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As the secondhand market booms, used clothing is an acceptable gift

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Hannah Oh wearing a second hand dress from Zara her sister bought for her on Poshmark.

Source: Hannah Oh

When Hannah Oh’s sister gave her a dress from Zara for Christmas, her sister didn’t buy it from Zara. She bought it secondhand from the retail resell site Poshmark.

Oh, 19, saw the dress online, and knew she wanted it, so she sent the link to her sister on a wish list.

“I didn’t really want to buy it for myself because I’m on a really tight student budget,” Oh said.

The secondhand apparel market is booming. By 2023, the market is expected to reach $51 billion, according to a recent report from the online resale store ThredUp.

It’s become more acceptable to give and receive secondhand gifts. Nearly half (48%) of respondents to a recent survey by Accenture said they would consider giving secondhand clothing as gifts, while 56% said they would welcome gifts of this kind for themselves.

“As long as you adhere to the standards of gift giving in general, I don’t think secondhand, or the fact that it’s purchased secondhand, has to be a negative,” said Oh, who is studying digital fashion marketing, secondhand e-commerce and entrepreneurship at Drexel University— a major she created to fit her interests.

“If you invested money and time and care into it, then that’s what makes a good gift.”

Department stores have begun to take advantage of the secondhand apparel market. In August, Macy‘s partnered with ThredUp to offer secondhand apparel at 40 Macy’s stores. J.C. Penney also offers secondhand women’s clothing and handbags from ThredUp at 30 of its stores.

J.C. Penney’s partnership with ThredUp will allow holiday shoppers to find select national brands for the first time in J.C. Penney stores, said Michelle Wlazlo, chief merchant at J.C. Penney.

“Our thoughtfully curated spaces will be refreshed frequently, and our customers will find new items to fall in love with every time they visit, offering even more inspiration as the holiday season approaches and allowing them to make the most of every occasion,” Wlazlo said in written statement to CNBC.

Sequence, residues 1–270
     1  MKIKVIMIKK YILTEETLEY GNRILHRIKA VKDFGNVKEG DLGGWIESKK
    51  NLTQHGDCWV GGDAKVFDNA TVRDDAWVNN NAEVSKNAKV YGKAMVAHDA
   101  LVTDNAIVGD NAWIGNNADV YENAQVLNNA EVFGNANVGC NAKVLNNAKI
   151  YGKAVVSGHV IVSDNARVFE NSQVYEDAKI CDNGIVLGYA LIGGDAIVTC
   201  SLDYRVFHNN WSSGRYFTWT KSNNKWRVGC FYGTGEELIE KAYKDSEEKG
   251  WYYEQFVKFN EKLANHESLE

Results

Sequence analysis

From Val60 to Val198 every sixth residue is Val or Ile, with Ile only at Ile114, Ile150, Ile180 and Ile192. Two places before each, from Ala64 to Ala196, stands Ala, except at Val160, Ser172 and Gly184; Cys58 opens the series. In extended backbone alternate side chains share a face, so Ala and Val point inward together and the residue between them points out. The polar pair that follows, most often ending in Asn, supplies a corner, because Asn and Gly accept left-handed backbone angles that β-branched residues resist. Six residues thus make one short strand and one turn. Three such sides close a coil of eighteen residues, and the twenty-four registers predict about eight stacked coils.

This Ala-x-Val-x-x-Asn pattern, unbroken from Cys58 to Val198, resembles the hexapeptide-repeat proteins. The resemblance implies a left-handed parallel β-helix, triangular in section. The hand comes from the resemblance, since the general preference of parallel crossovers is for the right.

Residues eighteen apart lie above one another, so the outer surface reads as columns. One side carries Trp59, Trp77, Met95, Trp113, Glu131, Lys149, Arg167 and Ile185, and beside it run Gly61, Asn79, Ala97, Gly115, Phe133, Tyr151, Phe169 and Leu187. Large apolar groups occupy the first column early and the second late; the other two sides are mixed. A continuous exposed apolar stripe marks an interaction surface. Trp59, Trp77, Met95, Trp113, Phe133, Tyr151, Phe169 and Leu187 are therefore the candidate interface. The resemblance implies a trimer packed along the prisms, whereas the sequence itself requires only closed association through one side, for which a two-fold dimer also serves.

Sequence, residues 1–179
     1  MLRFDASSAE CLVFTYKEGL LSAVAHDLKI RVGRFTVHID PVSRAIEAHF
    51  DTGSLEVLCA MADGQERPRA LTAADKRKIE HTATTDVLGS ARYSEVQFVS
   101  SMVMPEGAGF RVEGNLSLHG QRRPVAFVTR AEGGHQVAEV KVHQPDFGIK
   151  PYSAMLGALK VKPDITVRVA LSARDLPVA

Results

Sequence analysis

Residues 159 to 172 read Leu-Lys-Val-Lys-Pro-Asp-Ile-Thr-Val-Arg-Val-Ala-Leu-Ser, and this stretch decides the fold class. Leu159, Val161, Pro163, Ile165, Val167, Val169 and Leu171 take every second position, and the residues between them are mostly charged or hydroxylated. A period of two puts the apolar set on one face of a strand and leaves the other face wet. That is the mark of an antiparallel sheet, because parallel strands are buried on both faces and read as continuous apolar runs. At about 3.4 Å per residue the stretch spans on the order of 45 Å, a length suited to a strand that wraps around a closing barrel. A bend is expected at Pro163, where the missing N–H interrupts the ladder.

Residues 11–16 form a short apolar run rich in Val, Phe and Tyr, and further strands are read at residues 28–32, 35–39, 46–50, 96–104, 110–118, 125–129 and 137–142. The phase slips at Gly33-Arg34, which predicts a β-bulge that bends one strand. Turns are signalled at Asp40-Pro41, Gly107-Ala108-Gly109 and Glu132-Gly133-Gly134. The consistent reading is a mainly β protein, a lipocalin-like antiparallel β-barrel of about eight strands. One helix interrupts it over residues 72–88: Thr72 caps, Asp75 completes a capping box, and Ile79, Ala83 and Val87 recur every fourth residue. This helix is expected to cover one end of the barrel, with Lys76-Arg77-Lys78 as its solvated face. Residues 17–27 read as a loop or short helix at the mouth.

Thanks to gift giving traditions, people can get their hands on items they would otherwise feel guilty purchasing, like designer clothes or something that isn’t necessarily useful to them, said Tom Meyvis, a professor of marketing at New York University’s Stern School of Business.

“If you buy a designer thing like Armani secondhand from somewhere like Macy’s, it’s still something that is frivolous and luxurious and indulgent,” Meyvis said.

Gift givers are motivated by giving people something they enjoy. Shopping for a secondhand gift may give even more of an opportunity to show you care for the receiver. Going on a search for a secondhand $60 Armani sweater, for example, may require more effort than buying a new $60 sweater from a lower-priced brand, Meyvis said.

“I’m using the same amount of money but I’m putting more effort into it — I found this little gem,” Meyvis said. “I managed to get you an Armani product.”

The increased popularity of purchasing items secondhand is not just about being frugal, he added — it’s also about doing something good for the environment.

“It is getting more popular, especially for the younger generations,” Meyvis said. “They’re more aware of the environmental issues.”

He added that they are also more familiar with shopping in thrift stores.

“[Gifting secondhand items] is already more normative for part of the population and maybe it will become more normal overtime,” Meyvis said. “Partnering up with a company like Macy’s will help the normalization of that.”

Oh also sells her own clothing secondhand on Poshmark. She said during the holiday season, people buy things secondhand that they can’t find elsewhere, like vintage and designer items.

“Secondhand doesn’t necessarily have to mean that it’s been worn 50 times before it was dropped off at a thrift store,” Oh said. “Sometimes, they still have the tags on them.”



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